How Does Radiant Floor Heating Work?
The warmth from a radiant floor heating system comes from hot-water tubes or electric wires buried underneath the floor. As the thermal radiation rises from below, it warms both the floor and the entire room. The air temperature stays fairly constant, and you stay comfortable because you and the air around you are in direct contact with the heat source. For a deeper understanding, here is a quick physics refresher on heat transfer.
The Three Types of Heat Transfer:
- Convective—warm air blowing around,
- Conductive—the way a handle on a saucepan eventually gets too hot to touch even though it is not heated directly, and
- Radiant—heat radiating from a nearby source (or in the case of the sun, a faraway source).
The way we heat homes is either convective or radiant, and the body “feels” the two types of heat differently. If you are standing in a room and the temperature of a wall increases by 1 degree, it will feel the same to your body as the air temperature going up 3 degrees. This heat “bonus” is due to the fact that you have an uninterrupted connection to the radiant source of the heat via the air, much like stepping from the shade into the direct sunlight feels warmer, even though the surrounding air is largely the same temperature.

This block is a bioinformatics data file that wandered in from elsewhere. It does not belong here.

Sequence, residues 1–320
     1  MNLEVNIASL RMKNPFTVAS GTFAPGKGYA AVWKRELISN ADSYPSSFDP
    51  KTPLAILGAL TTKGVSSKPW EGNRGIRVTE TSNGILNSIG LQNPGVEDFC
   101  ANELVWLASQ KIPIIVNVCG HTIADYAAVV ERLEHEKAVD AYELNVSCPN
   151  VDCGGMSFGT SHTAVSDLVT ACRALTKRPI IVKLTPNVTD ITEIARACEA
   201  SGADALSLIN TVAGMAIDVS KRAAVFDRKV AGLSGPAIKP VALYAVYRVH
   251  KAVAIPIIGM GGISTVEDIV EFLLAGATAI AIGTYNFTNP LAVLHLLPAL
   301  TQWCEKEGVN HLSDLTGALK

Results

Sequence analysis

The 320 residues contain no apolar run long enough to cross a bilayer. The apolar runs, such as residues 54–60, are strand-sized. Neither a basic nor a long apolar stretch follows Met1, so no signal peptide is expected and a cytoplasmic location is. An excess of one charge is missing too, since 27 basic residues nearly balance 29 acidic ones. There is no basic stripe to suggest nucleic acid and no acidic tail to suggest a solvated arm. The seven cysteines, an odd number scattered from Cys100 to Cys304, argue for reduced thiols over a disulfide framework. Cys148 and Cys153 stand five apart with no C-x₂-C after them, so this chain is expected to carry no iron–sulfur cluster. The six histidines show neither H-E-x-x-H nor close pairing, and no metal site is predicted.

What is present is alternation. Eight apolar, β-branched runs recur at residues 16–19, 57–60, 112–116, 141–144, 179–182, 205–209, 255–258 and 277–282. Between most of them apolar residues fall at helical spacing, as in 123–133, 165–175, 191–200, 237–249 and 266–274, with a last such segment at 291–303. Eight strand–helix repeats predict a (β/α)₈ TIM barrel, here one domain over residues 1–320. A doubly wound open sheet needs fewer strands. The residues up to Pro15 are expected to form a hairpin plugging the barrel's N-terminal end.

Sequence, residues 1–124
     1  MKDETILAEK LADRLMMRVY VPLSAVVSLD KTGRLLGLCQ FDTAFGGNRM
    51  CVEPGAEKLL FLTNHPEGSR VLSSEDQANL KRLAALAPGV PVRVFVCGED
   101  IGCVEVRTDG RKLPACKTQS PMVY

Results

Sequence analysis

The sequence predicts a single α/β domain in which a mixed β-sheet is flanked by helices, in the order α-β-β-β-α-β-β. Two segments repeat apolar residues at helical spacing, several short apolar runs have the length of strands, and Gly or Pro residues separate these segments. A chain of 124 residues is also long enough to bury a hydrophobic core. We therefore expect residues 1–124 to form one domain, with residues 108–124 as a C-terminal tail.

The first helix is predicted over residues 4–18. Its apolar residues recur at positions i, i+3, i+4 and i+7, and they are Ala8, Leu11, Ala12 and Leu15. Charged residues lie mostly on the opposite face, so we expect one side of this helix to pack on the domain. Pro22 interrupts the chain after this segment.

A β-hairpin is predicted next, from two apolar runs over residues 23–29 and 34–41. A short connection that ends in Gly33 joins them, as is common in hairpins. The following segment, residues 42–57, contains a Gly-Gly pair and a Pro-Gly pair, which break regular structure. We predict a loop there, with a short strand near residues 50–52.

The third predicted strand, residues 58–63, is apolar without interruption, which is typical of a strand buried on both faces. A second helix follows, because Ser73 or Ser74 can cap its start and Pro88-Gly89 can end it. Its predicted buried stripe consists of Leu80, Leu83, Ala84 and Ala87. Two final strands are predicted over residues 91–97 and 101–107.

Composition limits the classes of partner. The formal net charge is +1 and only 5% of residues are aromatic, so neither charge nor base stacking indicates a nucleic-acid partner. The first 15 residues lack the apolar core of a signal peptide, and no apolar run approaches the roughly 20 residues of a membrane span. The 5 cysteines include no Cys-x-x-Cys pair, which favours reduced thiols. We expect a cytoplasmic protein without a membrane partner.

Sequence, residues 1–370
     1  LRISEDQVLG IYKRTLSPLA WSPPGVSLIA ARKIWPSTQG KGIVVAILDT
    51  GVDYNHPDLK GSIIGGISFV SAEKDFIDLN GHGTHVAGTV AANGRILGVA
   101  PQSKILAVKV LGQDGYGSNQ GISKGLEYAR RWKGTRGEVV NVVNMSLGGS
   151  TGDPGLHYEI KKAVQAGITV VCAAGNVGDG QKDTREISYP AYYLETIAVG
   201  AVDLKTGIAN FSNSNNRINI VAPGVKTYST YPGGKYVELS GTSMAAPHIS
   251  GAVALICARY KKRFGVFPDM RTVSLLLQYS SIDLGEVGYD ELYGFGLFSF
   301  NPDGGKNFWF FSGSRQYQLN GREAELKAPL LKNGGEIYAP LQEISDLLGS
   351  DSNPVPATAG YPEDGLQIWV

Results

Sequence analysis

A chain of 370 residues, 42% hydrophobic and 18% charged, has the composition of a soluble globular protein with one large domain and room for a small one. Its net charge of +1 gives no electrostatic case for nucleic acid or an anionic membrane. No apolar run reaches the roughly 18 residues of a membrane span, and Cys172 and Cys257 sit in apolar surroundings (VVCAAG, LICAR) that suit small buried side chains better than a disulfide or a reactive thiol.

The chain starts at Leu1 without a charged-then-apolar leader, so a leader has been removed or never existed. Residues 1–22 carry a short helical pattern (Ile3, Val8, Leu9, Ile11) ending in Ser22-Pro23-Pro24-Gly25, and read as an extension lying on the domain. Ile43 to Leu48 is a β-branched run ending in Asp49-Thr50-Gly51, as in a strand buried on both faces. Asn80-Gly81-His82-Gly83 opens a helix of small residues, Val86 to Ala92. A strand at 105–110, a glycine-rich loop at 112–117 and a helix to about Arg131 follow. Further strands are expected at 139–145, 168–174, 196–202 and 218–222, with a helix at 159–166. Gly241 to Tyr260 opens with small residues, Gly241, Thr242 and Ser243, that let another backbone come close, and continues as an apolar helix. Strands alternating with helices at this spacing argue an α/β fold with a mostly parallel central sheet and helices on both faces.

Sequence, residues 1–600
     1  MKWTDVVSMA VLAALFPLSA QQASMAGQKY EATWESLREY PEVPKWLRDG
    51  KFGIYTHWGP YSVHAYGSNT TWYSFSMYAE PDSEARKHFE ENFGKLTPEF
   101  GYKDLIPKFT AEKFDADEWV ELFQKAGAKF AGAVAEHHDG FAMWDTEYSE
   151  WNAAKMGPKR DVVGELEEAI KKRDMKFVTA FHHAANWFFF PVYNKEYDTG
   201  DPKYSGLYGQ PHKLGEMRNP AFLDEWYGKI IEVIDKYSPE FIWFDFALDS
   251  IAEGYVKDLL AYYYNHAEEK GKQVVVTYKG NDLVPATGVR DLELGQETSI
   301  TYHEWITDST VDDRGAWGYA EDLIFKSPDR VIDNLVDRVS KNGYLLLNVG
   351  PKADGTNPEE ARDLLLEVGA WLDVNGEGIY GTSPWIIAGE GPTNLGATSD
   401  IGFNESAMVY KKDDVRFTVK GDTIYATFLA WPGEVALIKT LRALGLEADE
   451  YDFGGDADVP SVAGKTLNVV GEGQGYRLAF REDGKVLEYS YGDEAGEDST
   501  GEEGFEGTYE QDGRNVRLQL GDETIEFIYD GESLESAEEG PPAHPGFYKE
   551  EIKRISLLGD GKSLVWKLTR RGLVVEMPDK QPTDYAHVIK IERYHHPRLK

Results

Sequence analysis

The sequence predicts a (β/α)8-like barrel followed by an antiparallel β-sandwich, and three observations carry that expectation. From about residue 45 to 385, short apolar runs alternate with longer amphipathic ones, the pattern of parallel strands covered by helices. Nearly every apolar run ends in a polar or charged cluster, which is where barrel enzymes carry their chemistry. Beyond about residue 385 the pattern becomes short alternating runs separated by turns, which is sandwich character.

I have lived with radiant floor heating, and the best way to describe it is that the house was the right temperature all the time.
When the heat source is located in the floor, we are close to the radiant source all the time, and we feel consistently comfortable. Because heat rises, forced-air systems that heat a space from the top down are extremely inefficient and not always comfortable. If you want cathedral ceilings, you’ll definitely want to consider radiant floors.
How Does It Compare to Other Heating Systems?
I have lived with radiant floor heating, and the best way to describe it is that the house was the right temperature all the time. I never thought about turning the heat on or off. There were no hot spots or cold spots, no noisy fans, no dusty air moving around, and, with a well-programmed thermostat, no adjusting the heat at all. It was kind of magical.
Can I Install Radiant Floor Heating in a Remodel?
You can retrofit radiant heating into an existing house. In fact, similar to changing from a tanked hot water heater to tankless, changing from a forced air system spread throughout the house with a duct system to radiant can open up space in the house that the ducts originally occupied. Of course, there are some things to watch out for like how it will affect the existing hardwood flooring.
One tip for remodels is that it doesn’t have to be the floor that gets the radiant heat source. Although, as described above, the most effective place for radiant heating is the floor, we have had successful installations using a radiant wall, as well.
It Does Cost More but Enriches Daily Life
Radiant heating systems do cost more up front, but the quality of life they give you can be worth the initial expense. If you are going to splurge on something in your project, things that enrich your daily life are the best candidates. It could be a luxurious shower or a glass wall that opens your house to the outdoors—and I recommend considering radiant floor heating, as well.
For an even deeper dive into how and why it all works, this article does a good job explaining the details.